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I've been slowly making my way through all the Dresden Files books again and mostly loving them but the protagonist's sense of "old fashioned chivalry" is really annoying. It's presented as a quirk or even a foible and the female characters regularly point out that he's a misogynist ass so it's not really presented as a positive character trait BUT on the other hand he never ever improves or even tries to improve. Add that to the fact that I just found out that one of the Dresden Files books was pushed by the Sad Puppies to win a Hugo award when they were trying to rig the votes, so even if it's not an out-and-out flagwaving misogynist series there's a whole bunch of right wing anti-SJW trolls who love it.

That's not a reason for me to dislike the books (I outright loved them when I first read them years ago) but it's definitely leaving a sour taste in my mouth.
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  #843  
Old 21 February 2018, 11:40 PM
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E. Q. Taft E. Q. Taft is offline
 
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Hmm. I'm re-reading the Dresden books at the moment, too, and I don't really see it as misogyny, except perhaps in that he makes some inappropriate jokes from time to time. He admits (insists, really) that it bothers him more to see women hurt than men, and while that's sexist, I'm guessing it's a trait he shares with a large proportion of men and some women. On the other hand, it's pretty clear that he has a lot of respect for the women he works with, and sometimes the ones he works against, too.

I will admit there is an improbable number of extremely attractive women in the books (even allowing for the fact that some of them are faeries, vampires, etc.), and that Dresden invariably has to describe and comment upon them, and that does occasionally bother me a bit.

Anyway. Not what I came here to say.

I'm currently reading a book called Missions Accomplished, which is a collection of short anecdotes (mostly) about travelling, complied by someone who has done a lot of it. Not the sort of book I would have picked up ordinarily, but it happens to have been written by the guy who was my best friend through junior high, high school, and into college, Tim Jenkins. I knew he traveled a lot, but I didn't really know it was this much. (Probably what caused us to drift apart, more than anything else, was that he's as hardworking and ambitious as I am not.) I'm about two-thirds of the way through. I knew a few of the stories before, and know some of the other people involved in many of them, but most are new to me.

To be completely honest: not sure I'd recommend it to just anyone. It's reasonably decent light reading, but the stories are generally not all that interesting or humorous. I also think the book would have been better written as more of a narrative, rather than as a bunch of 4-page brief episodes; the stories could have been linked by destinations, travel companions, or general theme. Instead, they are mostly in no particular order. (There is a general trend from oldest to newest, but many diversions on the way.) On the other hand, that could make it a great book for bathroom reading.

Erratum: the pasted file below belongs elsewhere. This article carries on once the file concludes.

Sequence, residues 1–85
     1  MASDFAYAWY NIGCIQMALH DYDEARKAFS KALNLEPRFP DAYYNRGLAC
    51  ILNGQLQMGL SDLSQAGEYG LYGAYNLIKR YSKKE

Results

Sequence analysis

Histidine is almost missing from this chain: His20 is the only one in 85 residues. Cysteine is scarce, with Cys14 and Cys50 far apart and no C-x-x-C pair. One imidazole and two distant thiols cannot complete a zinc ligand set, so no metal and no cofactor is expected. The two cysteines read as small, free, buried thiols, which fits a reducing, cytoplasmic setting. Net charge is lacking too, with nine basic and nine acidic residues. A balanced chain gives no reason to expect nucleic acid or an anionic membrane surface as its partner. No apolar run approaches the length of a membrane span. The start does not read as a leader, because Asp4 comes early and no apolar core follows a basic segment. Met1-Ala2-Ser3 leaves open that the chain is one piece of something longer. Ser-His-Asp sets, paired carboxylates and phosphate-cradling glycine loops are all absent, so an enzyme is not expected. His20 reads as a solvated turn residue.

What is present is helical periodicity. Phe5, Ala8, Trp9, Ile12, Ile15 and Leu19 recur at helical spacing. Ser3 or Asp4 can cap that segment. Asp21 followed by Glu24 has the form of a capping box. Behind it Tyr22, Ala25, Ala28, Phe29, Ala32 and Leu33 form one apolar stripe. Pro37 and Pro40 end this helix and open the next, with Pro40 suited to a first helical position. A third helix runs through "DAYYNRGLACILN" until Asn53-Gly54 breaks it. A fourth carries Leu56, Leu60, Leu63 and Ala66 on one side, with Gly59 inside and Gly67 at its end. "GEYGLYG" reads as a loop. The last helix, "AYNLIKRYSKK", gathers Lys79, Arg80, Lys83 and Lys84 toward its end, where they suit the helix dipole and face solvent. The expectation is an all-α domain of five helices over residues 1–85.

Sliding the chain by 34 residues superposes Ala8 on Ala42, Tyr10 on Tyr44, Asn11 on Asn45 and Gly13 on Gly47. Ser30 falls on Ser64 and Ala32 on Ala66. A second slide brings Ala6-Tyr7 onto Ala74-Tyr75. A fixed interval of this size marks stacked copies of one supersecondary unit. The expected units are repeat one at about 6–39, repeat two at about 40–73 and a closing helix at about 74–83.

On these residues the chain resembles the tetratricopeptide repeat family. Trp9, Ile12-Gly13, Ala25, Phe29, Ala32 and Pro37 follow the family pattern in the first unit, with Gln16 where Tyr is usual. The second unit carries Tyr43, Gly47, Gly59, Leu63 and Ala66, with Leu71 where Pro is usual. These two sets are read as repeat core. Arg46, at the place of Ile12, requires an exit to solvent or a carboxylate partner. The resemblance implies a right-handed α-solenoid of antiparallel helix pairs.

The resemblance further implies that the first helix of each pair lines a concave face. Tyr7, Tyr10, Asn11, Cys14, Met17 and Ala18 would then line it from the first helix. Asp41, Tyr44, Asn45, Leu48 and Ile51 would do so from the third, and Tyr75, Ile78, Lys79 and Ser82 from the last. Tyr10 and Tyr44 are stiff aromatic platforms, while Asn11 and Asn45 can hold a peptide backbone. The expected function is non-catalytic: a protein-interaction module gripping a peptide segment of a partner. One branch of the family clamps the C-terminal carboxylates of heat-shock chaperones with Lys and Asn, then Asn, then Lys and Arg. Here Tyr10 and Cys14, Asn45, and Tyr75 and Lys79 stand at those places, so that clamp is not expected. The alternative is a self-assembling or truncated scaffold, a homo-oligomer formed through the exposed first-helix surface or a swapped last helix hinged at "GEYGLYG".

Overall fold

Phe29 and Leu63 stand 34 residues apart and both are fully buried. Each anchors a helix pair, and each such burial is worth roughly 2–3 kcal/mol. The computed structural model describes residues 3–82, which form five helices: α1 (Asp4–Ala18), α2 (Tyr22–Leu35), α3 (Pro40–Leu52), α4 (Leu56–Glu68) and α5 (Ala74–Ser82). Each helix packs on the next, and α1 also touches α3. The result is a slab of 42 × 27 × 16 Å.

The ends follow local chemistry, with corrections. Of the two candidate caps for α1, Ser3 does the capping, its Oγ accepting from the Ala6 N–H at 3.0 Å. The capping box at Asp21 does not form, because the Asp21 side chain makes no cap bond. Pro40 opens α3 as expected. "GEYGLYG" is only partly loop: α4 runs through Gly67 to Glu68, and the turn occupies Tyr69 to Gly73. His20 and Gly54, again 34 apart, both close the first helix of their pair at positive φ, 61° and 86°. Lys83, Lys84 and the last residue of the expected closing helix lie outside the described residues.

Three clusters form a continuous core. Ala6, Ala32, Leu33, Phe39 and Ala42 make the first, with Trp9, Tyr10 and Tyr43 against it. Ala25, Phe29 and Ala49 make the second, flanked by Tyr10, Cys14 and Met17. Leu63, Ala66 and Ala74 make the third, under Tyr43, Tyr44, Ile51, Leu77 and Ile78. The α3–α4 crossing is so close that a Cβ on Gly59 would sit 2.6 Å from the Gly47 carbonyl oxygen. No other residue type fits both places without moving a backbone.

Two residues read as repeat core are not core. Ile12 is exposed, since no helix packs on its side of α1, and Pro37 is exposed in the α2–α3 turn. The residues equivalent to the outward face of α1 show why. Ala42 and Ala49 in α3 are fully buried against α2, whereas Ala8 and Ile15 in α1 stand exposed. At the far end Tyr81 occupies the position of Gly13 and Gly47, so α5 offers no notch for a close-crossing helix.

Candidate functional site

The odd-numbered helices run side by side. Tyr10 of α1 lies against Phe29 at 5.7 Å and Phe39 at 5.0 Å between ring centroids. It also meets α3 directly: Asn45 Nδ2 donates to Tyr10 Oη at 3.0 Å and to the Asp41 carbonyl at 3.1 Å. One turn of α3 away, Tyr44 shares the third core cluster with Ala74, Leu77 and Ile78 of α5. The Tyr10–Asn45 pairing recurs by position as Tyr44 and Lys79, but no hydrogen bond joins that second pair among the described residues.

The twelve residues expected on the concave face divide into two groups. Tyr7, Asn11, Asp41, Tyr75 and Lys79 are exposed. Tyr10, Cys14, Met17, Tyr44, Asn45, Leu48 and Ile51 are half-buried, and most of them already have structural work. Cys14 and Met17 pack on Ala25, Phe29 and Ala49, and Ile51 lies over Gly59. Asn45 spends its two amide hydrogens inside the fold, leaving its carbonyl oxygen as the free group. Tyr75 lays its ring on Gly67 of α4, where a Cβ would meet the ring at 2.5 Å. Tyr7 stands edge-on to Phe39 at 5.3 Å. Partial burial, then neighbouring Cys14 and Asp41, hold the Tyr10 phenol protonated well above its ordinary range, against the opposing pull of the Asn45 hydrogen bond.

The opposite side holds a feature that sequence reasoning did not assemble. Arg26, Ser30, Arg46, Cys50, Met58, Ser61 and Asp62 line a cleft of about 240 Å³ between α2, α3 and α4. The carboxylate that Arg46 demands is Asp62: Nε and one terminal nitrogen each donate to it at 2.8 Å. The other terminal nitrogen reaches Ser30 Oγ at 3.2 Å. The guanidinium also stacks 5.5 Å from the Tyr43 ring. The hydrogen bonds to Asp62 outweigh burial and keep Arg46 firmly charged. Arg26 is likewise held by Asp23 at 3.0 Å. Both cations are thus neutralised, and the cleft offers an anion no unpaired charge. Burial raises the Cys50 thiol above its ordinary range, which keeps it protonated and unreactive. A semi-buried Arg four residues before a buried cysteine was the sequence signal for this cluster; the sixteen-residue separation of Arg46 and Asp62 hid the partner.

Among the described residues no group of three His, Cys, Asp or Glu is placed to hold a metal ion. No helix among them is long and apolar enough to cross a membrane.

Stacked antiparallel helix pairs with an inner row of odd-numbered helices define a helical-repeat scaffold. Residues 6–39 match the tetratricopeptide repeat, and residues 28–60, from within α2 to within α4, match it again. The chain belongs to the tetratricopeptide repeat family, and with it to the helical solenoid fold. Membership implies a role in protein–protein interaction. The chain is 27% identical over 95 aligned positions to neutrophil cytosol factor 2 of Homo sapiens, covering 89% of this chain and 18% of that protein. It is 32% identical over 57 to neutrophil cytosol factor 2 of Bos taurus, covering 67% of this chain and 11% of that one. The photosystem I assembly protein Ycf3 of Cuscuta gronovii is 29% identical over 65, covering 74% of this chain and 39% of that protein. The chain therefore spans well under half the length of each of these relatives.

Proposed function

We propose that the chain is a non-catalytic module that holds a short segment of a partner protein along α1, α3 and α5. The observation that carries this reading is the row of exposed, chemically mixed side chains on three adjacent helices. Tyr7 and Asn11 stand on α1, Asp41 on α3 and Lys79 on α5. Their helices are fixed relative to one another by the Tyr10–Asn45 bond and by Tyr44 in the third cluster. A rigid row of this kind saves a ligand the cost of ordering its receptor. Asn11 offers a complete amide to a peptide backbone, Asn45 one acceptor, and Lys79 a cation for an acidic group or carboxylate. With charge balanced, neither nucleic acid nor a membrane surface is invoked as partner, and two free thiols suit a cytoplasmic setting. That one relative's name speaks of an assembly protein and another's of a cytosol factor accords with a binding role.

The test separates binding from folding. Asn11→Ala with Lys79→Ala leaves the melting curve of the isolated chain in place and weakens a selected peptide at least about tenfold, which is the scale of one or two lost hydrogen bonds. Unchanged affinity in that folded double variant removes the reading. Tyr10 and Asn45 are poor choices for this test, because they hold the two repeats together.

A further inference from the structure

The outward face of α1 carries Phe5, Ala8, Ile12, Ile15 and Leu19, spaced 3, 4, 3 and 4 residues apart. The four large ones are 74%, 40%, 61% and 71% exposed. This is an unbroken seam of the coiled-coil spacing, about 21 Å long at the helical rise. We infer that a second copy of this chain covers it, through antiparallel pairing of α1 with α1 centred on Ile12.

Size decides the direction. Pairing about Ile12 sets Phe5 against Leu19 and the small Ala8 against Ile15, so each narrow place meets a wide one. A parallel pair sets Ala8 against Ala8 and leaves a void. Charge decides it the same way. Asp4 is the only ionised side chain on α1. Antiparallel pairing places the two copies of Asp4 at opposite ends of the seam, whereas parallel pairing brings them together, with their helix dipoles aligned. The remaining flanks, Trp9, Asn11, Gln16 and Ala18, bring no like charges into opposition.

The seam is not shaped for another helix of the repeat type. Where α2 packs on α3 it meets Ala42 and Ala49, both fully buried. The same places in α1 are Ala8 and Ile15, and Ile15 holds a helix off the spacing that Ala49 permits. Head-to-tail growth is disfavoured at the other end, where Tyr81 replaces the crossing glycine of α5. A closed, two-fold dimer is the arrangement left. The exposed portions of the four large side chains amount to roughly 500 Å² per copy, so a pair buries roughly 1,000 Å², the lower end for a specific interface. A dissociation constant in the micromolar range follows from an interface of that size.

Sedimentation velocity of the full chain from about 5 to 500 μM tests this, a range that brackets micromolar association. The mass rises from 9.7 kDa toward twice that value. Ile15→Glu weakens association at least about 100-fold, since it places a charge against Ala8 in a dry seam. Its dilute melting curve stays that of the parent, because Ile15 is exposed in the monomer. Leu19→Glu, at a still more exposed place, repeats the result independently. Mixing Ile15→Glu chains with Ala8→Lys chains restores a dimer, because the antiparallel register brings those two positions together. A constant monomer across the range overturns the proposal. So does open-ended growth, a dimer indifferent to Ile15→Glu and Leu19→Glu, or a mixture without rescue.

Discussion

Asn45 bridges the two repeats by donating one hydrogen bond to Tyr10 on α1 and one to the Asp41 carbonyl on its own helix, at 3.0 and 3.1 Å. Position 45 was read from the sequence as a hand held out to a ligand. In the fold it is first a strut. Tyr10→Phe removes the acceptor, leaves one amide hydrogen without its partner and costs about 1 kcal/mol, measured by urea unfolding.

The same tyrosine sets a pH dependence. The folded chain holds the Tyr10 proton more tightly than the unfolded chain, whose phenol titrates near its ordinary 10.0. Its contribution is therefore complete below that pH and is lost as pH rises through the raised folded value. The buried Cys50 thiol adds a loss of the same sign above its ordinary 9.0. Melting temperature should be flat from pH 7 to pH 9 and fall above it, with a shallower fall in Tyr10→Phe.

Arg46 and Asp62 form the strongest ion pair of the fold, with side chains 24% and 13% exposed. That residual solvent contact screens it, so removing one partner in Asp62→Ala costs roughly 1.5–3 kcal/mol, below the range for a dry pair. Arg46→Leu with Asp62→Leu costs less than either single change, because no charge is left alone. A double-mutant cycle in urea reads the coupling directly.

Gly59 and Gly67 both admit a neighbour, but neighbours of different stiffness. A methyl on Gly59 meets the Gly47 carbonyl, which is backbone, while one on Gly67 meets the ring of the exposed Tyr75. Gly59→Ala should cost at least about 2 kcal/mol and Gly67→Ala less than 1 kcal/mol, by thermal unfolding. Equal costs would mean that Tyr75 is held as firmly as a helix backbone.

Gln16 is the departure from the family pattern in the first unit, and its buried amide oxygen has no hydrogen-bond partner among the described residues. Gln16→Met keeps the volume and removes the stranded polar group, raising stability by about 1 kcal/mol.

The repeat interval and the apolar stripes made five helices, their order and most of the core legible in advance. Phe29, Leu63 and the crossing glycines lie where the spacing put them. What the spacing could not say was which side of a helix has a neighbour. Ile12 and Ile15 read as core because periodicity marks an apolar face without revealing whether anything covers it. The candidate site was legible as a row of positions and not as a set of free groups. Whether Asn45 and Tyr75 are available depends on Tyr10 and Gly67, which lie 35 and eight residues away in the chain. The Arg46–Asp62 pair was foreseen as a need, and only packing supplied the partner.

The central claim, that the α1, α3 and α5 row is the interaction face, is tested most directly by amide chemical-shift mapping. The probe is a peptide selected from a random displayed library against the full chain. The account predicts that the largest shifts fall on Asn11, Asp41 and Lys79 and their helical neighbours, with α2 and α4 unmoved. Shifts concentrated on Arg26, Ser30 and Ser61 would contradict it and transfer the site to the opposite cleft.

Tim tells me he's working on a sequel, and I'll be in that one. We did take a trip or two together, but not to anywhere so exotic.

Anyway, if interested, the book is available on Amazon, and an e-book version is due out shortly.
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  #844  
Old 22 February 2018, 02:35 AM
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Crius of CoH Crius of CoH is offline
 
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I finished the Tome of Bill and the Frontlines series on my Kindle, and both were very good. There may be future volumes of either series, but as of now, I am all caught up.

I spent some time trying to find a decent free superhero novel, and kept coming up with stuff that seems to be poorly-written YA intended for the slower set of younger YA readers... but I'm pretty sure it's meant to be adult-level stuff. A large handful of disappointment was perused, but then I found Jonathan R. Miller's Gravity Breaker, which was spectacular. Mr. Miller apparently writes books with race and social position as major themes, writes very very human characters, and is also pretty good at the super-power genre. Gravity Breaker, and it's sequel Tallah, were very good reads and well worth the time. Anyone who is interested in reading stories about black people in modern America will likely enjoy these books as well. I don't think it would be wrong to use words like "powerful" and "moving" to describe either volume.
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  #845  
Old 22 February 2018, 05:09 AM
Aud 1 Aud 1 is offline
 
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I just listened to Binti by Nnedi Okorafor and started in on the sequel Home. Loved it. I'm so intrigued by a character who is so immersed in mathematics that she uses it to meditate. I loved how the her skin care was part of the story.
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  #846  
Old 22 February 2018, 01:30 PM
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Hans Off Hans Off is offline
 
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I’ve just finished “From a Certain Point of View” a collection of short stories set in the Star Wars universe all set during the events of A New Hope.

It’s a great fun read from a wide variety of authors. One of the most endearing ones was the tale told from the point of view of a Mouse Droid on the Death Star that is being used as a carrier for a budding romance between two imperials serving!

If you like Star Wars and short stories then this needs to be in your library!

It has also fuelled my desire to write more short story fiction and has given me a few ideas of my own!

http://starwars.wikia.com/wiki/From_..._Point_of_View